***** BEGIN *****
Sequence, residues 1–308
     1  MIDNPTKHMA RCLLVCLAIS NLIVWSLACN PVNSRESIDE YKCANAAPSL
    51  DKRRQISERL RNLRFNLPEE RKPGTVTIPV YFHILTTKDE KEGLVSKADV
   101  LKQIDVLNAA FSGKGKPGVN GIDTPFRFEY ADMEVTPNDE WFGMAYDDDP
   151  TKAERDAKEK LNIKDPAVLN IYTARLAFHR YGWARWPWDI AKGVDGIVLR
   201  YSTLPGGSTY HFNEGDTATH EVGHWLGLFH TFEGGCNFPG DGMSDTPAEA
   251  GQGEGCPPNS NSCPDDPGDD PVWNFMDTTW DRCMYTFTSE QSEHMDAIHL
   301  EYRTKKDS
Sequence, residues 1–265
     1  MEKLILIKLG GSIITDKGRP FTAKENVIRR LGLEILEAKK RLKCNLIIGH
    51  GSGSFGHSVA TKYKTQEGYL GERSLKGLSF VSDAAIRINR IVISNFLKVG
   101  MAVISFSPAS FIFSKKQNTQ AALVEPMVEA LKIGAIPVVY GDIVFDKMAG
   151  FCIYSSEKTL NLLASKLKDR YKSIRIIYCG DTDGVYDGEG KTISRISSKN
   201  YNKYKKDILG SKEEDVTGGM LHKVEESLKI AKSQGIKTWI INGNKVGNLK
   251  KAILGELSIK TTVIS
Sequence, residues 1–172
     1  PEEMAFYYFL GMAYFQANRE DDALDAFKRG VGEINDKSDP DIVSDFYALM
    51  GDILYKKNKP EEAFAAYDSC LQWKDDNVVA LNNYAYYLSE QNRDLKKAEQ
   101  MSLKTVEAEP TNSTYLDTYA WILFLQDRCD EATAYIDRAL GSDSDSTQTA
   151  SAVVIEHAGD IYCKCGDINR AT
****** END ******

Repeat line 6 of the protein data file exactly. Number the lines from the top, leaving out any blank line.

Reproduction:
   201  YSTLPGGSTY HFNEGDTATH EVGHWLGLFH TFEGGCNFPG DGMSDTPAEA